17

I have watched a hak5 YouTube that they did make people connect to their wifipineapple (a WiFi Honey pot) , and they stored the Wi-Fi hotspots, those the phone used to connect to.

The historical hotspots are many. I am wondering how they made it. If they simulated the SSID, should they replace it with another one seconds later?

Here's the Youtube video

28

You can't simply Force a client, but to trick him!

As long as the device's WiFi is running, it keeps sending probe requests, searching for your previous connected networks. Using some software like airodump-ng, you can easily sniff out those probes.
Then the attacker may create a similar evil twin using the BSSID and ESSID gathered from the previous probes.

So, as the device sees the pre-saved network up again, it re-connects thinking it is the legit network.

However, there is something to be aware of:
Only works with public networks. This does not work with secured networks unless you already know the security phrase.

Important note:
This attack also can be done to pre-saved networks with passphrase, if the passphrase is weak enough to be cracked. steps are:

  1. Create the evil twin networks using the BSSID, ESSID AND the same auth type of the spoofed network "WPA, WPA2 or WEP"
  2. The client will try to connect to the network providing the passphrase challenge
  3. The authentication won't work obviously, but you can sniff the challenge
  4. Using some cracking tool, you can crack the phrase
  5. Re-create the network using the new passphrase

Now the client will connect to the spoofed network even if it has some security level, so it's always a good idea to use a strong phrases!

  • You are right. Do you mean that all the pre-saved SSID should not have password in this scenario? Coz we can't simply know other pre-saved hotspot passwords. All the public networks shouldn't have password, right? – dotslash Jul 4 '16 at 6:43
  • Yes. all the pre-saved public networks are presenting a way to preform this kind of attacks, but you must know that even the secured networks are maybe vulnerable, if the key is compromised. – Emadeddin Jul 4 '16 at 6:47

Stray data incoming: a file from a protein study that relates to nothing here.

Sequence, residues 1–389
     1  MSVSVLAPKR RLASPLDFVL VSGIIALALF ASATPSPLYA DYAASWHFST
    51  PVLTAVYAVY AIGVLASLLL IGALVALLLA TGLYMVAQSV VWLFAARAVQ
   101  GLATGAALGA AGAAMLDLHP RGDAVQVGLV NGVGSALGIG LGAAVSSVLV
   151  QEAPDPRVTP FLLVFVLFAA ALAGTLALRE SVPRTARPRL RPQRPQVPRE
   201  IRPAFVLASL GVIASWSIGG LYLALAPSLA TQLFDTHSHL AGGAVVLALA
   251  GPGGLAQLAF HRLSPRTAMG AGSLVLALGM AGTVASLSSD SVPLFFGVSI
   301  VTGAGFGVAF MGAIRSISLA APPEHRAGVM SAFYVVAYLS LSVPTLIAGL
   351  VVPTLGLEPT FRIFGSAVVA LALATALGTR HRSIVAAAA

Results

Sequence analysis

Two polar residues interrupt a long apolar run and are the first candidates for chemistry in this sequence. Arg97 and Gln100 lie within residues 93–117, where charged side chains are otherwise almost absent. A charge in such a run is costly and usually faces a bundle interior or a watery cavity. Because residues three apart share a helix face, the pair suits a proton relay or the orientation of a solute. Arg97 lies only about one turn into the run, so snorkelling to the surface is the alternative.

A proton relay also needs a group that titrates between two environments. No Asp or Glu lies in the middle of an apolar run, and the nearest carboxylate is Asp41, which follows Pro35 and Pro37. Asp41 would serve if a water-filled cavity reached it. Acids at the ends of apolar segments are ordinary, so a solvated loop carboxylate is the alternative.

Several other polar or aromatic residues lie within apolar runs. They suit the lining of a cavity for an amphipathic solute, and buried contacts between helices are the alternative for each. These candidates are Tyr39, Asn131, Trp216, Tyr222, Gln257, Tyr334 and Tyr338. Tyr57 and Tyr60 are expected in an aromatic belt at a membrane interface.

• I see. So the wifipineapple may just scan all the probes in the air and create different no-password SSID, those clients used to connect to, periodically, say every 5 minutes? So in this way, all the phones in this area can connect to the cloned router in a while. What would you think? – dotslash Jul 4 '16 at 6:54
  • Of course, any device that's scanning for the same network will connect to your spoofed AP. – Emadeddin Jul 4 '16 at 6:57
  • Nice. It would be awesome, if there are some open source projects like that. Thank you – dotslash Jul 4 '16 at 7:01
8

There are a few methods that could have been used:

  1. Devices of all sorts that use WiFi connection usually have a setting that lets the device connect automatically when the same SSID is out there. This is usually set by default and users do not usually turn it off.
    Hak5 generated a list of many many public WiFi SSID's (Ex: "MacDonald's free wifi") that the devices probably connected to at some point in their life time.
    Then the devices connect to the AP since they recognize the SSID.
    Note:

    • This is a setting that can be turned off easily or even a simple "Forget this network" solves the issue.
    • Some devices also have a settings that tells the device to connect automatically to any open WiFi. You can imagine the issue here...
  2. Another method is to scan the local area for all WiFi connections and duplicate the exact ones using their SSID and MAC address and then create a stronger signal forcing the connected devices to move to your AP (They see it as the same one).

  3. Some devices also send out requests searching for specific WiFi connection that they have in their history in order to reconnect. These requests can be captured and used against the device by faking the AP the device is requesting.

Note: These methods will only work using a open WiFi network that does not require a passphrase. If you do wish to spoof an AP with a passphrase, it would have to be the same passphrase as the original AP.

  • Nice. So can I assume that if the no-paasword WiFi SSID is the same as the one used be connected, say, McDonald, the phone would re-connect to it no matter it's another router actually? Right? – dotslash Jul 4 '16 at 6:28
  • Mostly. Some devices also do MAC & SSID comparing. – Bubble Hacker Jul 4 '16 at 6:30
  • Thanks. I did a test minutes ago. It turned out phones nowadays re-connect to the WiFi with the same SSID, even they are different router. For the next consideration, should the SSID be changed every several seconds to let all phones connect to it? – dotslash Jul 4 '16 at 6:37
  • @dotslash I didn't understand your question... – Bubble Hacker Jul 4 '16 at 6:38
  • I read your method 2. If we don't have the cloned hotspot passphrase, will the phone connect to pentester's cloned router, which has no password this time? – dotslash Jul 4 '16 at 6:47

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